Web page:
Picking which retirement accounts to tap
By Dave Sandstrom
Much is made of the benefits of saving in different types of retirement accounts, but investors also need to consider a distribution strategy as withdrawals begin in retirement.
Here are a few common ways to save for retirement and some notable differences that affect withdrawals from them:
Traditional IRA: Withdrawals are available penalty-free starting at age 59½ and are taxed as regular income. Required minimum distributions (RMDs) begin at age 70½. Beneficiaries are allowed to use their life expectancy to spread out their required withdrawals, which are considered income and taxed according to the beneficiary’s tax bracket. (Under certain circumstances, investors are allowed to take out retirement money before age 59½ without having to pay the 10% early withdrawal penalty.)
Roth IRA: Withdrawals can begin penalty-free at age 59½. There are no RMDs during your lifetime, and all withdrawals are tax-free. Roths retain their tax-free status for beneficiaries. However, the beneficiaries will be required to take distributions based on their life expectancy.
Taxable accounts: Withdrawals can occur at any time, and there are no RMDs. Withdrawals are not taxed as regular income but are subject to rules for capital gains and losses. In many cases, taxable accounts passed on to beneficiaries qualify for a “step up” in basis, eliminating the gains, based on the owner’s date of death. That allows the money to pass through to the beneficiary tax-free. (There are limitations based on the size of the estate. Consult your tax professional for clarification.)
Investors have many variables to consider when planning withdrawal strategies. Here are three to keep in mind.
Current and Future Tax Rates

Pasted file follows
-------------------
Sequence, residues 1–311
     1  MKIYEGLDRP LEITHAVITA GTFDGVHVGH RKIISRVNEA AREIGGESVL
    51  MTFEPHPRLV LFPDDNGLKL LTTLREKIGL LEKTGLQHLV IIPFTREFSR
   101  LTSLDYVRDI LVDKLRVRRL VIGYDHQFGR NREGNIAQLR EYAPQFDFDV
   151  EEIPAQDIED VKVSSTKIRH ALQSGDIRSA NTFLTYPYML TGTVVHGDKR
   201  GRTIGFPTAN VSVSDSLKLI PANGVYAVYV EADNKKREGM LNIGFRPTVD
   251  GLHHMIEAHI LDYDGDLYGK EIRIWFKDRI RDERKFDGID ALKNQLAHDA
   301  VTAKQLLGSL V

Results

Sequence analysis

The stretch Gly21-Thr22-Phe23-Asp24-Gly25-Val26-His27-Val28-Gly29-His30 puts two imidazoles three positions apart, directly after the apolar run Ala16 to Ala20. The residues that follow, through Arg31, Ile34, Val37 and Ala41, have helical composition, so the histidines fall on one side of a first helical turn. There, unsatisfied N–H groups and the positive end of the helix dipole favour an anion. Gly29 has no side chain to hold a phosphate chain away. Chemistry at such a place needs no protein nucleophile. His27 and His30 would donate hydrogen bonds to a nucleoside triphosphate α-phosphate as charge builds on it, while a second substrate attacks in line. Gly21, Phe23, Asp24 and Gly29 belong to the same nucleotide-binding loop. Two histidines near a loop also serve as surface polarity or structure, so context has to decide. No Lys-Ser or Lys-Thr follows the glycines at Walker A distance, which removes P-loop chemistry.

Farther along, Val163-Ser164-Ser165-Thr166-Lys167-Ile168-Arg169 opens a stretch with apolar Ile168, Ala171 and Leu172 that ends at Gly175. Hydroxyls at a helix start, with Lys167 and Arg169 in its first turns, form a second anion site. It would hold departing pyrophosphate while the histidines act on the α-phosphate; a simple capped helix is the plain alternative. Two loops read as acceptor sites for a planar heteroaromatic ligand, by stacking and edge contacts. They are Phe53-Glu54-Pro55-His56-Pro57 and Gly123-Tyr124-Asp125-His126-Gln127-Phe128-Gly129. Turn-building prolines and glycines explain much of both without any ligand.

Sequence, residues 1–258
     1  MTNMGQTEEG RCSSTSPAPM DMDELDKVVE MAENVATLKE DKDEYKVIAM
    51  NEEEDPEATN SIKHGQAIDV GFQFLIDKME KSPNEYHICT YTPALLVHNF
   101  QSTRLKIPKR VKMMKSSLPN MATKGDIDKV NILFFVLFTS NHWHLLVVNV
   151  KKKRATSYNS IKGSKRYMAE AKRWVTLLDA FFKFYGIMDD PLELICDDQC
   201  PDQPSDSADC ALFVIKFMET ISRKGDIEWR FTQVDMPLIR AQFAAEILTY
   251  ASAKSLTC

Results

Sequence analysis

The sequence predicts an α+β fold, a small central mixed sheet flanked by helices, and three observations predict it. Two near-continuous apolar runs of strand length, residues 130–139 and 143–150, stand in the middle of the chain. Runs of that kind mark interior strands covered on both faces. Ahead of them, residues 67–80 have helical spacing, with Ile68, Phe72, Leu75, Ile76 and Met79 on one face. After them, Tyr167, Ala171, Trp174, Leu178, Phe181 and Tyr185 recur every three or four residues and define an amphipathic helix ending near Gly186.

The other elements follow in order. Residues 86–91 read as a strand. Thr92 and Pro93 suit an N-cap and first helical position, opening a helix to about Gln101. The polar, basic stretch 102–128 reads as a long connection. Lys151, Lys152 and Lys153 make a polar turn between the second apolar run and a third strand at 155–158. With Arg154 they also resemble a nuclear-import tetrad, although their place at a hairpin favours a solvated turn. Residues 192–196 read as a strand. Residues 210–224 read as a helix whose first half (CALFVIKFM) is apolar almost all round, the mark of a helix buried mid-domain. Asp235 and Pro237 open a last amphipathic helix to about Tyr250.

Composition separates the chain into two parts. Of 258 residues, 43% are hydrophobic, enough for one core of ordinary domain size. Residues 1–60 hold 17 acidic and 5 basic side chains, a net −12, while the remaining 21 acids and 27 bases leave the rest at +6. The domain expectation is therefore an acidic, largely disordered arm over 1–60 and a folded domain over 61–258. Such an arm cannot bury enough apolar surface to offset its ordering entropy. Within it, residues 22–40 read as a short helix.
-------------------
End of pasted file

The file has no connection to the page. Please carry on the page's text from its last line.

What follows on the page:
Investors often assume that all taxable income should be deferred as long as possible, but that’s not always the case.
For retirees who are ready for distributions and are at an attractively low tax rate, it may make sense to increase current taxable income by accelerating distributions from Traditional IRAs. Especially if you expect to be in a higher tax bracket in the future, then withdrawals now from Traditional IRAs would let you take advantage of your current lower tax rate and narrow your exposure to higher taxes later.
The opposite is also true. If you believe your future income might be low enough to put you in a lower tax bracket, think about taking current distributions from non-retirement taxable accounts to minimize your current tax burden. That would let you defer Traditional IRA withdrawals to the future when you expect a lower tax rate.
Please remember, the goal of retirement withdrawals is not to avoid paying taxes. It’s to manage your tax liability over the long run.
Impact on Social Security Benefits
Withdrawal strategies should keep Social Security rules in mind. The Internal Revenue Service has income thresholds at which Social Security benefits become taxable. For instance, a married couple with a modified adjusted gross income exceeding $44,000 can expect to have 85% of their benefits taxed. Traditional IRA distributions are taxed as ordinary income, so they contribute to the income that is considered for those thresholds.
Think about the money you want to leave behind. It can make sense to accelerate distributions from Traditional IRAs to take advantage of a retiree’s lower tax rate, or you could defer distributions and pass the accounts on to beneficiaries if they expect to have lower rates.
You have a lot to consider when determining from which accounts to take your retirement income. These are but a few of the variables. Work with your investment advisor to develop a plan that maximizes your available income and helps avoid costly distribution mistakes.
Dave Sandstrom is vice president at Landaas & Company.
Traditional IRA vs. Roth IRA, a Money Talk Video with Marc Amateis
Retirement investing: Where to begin, a Money Talk Video with Kyle Tetting
IRS Publication 590-B, Distributions from Individual Retirement Arrangements
(initially posted Nov. 20, 2015)
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